Bruce Haddox wore many hats during his 38 years at Simpson: Professor of philosophy and religion; interim academic dean; interim president; and academic dean. He retired in 2007 and currently lives in Indianola with his wife, Bette.
Of all your various jobs, was there one you enjoyed the most?
I liked all of them, but because I enjoyed students, teaching was my favorite. I also was interested in the art of teaching, and it is an art. Teaching is one of those things you never master. I don’t care if it’s your first year of teaching, or whether it’s your 25th year, you’ve always got a brand-new group of students and a brand-new challenge. Every class is different because every student is different, and a good teacher tries to connect to them all.
The challenge is how do you get students engaged in something? How do you get them motivated? Nobody has solved the issue of motivation, I guarantee you. One of the lessons I learned from the psychologist, Piaget, is that the creation of a puzzle or dissonance gets people interested in solving that puzzle. That was sort of the method that I used. I tried to create a problem or puzzle to solve, to get students to ask: “What is it that this course is about? What is it we are trying to solve?” My very best courses were this way. My very worst courses were: “Here’s a lot of information I’m trying to give you.” They could read a book and get that.
I found teaching to be a tremendous kick. It is high drama. Sometimes you really win—you have students who get it and write terrific final papers. And then sometimes you walk away from a course and say, “Boy, I wasn’t any good this time.” And you never know for sure whether it’s one way or another. It’s a complete act of faith. You can walk away from a course thinking that you did really great, and you may just be completely fooling yourself, because the students weren’t changed at all. Other times you can walk away saying, “I was just awful. I need to quit this profession,” and five years later some student from that class comes back and mentions a book that we read and tells you how it changed his or her way of thinking. A student will come back to see their teacher if that teacher meant something to her or him. But, be sure of this: No student ever comes back to see the academic dean. That’s why I think the best job is teaching, because you can make a difference in students’ lives.
What was it like being the academic dean?
I enjoyed working with the faculty. It’s different from teaching, because you’re in charge of supervising the entire academic program, and that’s extremely important to a college. The academic program will not shepherd itself. It needs to have someone who has some notion of what we are trying to accomplish in the academic program as a whole, and that includes both the majors and the liberal arts component. What are you trying to do? What education are you trying to give people? These are crucial questions. Of course, the most important thing an academic dean does is hire faculty, because you have to hire people who buy into the vision of the program you are trying to provide.
Did you ever think about applying for president of the college?
I thought about it, but I don’t think I would have been a really good president. I enjoyed that year (serving as interim president.) I met a lot of alums and did some good for the college. The vice presidents worked well together because we bonded together that year. Some of my closest friends were the other vice presidents. I think we worked together as a team. I enjoyed that part of the job. The truth is that I’m actually sort of an ordinary guy. So I did an adequate, ordinary job as president. But I think I did my best in my career when I was teaching or being academic dean.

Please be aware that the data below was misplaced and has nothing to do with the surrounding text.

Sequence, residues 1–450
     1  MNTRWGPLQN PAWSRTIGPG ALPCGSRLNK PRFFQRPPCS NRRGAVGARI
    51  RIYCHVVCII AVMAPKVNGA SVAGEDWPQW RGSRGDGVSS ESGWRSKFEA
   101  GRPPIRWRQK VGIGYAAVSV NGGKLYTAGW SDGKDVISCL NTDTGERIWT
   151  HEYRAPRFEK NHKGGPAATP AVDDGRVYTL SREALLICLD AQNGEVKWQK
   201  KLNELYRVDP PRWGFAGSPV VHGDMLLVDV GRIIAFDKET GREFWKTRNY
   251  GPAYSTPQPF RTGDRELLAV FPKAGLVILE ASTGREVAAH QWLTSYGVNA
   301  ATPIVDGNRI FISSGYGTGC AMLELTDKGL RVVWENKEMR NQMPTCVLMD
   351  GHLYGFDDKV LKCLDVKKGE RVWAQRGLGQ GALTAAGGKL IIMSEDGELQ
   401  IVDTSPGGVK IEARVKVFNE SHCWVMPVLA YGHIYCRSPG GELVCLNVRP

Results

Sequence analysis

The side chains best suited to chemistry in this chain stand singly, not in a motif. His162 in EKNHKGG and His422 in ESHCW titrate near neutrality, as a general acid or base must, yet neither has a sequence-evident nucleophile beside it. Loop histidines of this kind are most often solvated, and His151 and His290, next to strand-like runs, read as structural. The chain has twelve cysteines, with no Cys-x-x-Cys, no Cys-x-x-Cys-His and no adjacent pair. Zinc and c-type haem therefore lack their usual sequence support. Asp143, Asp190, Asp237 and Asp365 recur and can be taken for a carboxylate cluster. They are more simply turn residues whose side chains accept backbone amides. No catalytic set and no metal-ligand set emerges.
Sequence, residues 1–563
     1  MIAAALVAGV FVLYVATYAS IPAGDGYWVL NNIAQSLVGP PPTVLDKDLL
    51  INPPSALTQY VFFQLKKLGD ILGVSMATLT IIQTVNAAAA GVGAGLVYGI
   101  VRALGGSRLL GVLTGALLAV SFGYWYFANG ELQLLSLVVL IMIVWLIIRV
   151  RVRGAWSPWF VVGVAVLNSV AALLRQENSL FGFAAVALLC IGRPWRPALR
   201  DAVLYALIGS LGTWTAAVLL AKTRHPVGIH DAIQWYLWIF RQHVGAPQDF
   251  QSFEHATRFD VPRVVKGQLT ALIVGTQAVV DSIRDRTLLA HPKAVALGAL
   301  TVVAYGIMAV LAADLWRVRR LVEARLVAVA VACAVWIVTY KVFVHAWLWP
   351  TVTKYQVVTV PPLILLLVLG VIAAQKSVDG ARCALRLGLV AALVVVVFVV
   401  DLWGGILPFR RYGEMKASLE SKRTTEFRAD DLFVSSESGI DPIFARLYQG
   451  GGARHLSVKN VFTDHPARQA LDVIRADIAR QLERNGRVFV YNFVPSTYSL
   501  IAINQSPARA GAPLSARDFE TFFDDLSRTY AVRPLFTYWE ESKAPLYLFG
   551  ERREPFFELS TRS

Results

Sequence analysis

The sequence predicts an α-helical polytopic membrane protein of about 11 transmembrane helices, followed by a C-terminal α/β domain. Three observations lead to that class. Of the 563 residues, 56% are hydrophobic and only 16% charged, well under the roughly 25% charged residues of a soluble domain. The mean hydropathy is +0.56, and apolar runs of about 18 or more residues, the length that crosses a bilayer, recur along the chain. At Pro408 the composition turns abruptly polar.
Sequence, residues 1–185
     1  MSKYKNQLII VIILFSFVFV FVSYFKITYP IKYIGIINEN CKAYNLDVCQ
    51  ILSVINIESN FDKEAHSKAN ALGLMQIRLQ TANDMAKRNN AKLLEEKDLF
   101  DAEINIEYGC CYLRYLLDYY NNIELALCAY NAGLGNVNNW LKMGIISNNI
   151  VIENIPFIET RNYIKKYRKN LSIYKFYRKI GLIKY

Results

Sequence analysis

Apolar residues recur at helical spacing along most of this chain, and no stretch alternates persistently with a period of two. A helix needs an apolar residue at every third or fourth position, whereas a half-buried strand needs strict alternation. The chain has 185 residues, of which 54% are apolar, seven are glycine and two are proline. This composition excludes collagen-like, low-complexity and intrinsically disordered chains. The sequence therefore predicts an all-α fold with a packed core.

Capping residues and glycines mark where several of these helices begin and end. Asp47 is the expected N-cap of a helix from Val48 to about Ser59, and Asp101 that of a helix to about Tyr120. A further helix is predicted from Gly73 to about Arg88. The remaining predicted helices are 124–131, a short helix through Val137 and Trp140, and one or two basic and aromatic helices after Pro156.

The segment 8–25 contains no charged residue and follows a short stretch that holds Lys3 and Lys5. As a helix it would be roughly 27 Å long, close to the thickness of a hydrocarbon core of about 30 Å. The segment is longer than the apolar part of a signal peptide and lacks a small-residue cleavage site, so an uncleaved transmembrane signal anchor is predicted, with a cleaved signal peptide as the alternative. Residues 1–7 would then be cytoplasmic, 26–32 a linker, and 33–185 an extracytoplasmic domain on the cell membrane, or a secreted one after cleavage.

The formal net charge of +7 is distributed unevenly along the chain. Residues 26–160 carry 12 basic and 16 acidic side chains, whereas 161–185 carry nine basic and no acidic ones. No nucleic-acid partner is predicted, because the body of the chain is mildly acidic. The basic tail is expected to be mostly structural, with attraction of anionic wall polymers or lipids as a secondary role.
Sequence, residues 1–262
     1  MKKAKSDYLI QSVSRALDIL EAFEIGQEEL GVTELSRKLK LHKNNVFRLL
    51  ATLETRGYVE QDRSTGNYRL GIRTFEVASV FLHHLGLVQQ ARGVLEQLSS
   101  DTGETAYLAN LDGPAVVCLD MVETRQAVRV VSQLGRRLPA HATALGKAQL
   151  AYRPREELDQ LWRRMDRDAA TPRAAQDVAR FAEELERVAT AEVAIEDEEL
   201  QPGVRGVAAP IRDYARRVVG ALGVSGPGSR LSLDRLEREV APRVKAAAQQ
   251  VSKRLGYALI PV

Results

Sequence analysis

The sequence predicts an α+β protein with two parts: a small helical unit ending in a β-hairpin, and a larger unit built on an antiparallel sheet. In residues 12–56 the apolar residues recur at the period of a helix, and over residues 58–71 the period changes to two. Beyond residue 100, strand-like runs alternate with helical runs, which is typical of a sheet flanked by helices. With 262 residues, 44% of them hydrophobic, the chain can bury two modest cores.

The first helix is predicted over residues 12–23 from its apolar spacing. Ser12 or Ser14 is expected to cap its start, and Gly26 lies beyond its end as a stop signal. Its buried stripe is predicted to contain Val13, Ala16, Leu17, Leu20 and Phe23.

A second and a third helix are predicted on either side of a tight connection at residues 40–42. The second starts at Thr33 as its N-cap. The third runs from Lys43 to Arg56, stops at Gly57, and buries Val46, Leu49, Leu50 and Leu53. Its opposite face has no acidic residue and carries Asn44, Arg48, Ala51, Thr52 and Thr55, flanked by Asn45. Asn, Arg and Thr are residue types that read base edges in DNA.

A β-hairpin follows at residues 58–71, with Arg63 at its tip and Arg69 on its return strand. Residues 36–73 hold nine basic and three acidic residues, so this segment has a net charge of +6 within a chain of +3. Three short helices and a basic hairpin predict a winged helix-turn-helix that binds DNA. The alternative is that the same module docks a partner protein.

What are your favorite memories of Simpson?
When I think of Simpson I think of the life I had in common with people. I didn’t think of it as a job. It was a shared life. My ideal was always to hire faculty to share a life with, and not just do a job. That’s pretty idealistic, but the truth is, it was not idealistic for me because that was my experience.
For example, I always enjoyed the faculty lounge. We’d argue about Marx, or we’d argue Freud. We always argued ideas. We’d argue curriculum. Of course we beat up on the administration; that goes with the territory. That’s one thing I learned as dean—you don’t take anything personally and you certainly don’t walk into the faculty lounge unannounced because they might be talking about you. It’s nothing personal, but faculty have to get their frustrations out and that’s what the lounge is for. Now when I go in the lounge, the only people there are retired faculty. It’s a different world. (Laughing.) How can you argue on Twitter?
What are you doing to keep yourself busy these days?
I’m pretty active in the United Methodist Church here. I teach a Sunday school class, and a Wednesday night class with Roger Betsworth. There’s also a serious topic Saturday morning book club, and a monthly book club, where we read fiction books and talk about them. I’ve somehow managed to survive by talking all my life—and I’m still talking. We also spend a lot of time with our son James’ children, Max and Mickey. They are a large part of the reason we stayed in Indianola.
Bette and I recently celebrated our 50th wedding anniversary with a trip to Italy and Austria. Our daughter, Susan, and son-in-law, Victor, guided us through Rome, Siena, Florence and Venice in Italy and Salzburg and Vienna in Austria. The whole trip was amazing. Italy was one wonder after another. Bette had asked to include Salzburg, because of Mozart and the “The Sound of Music.” In our hotel, they ran “The Sound of Music” every evening on TV. We saw the church that was used in the movie for the wedding. It was a wonderful way to celebrate being together for 50 years.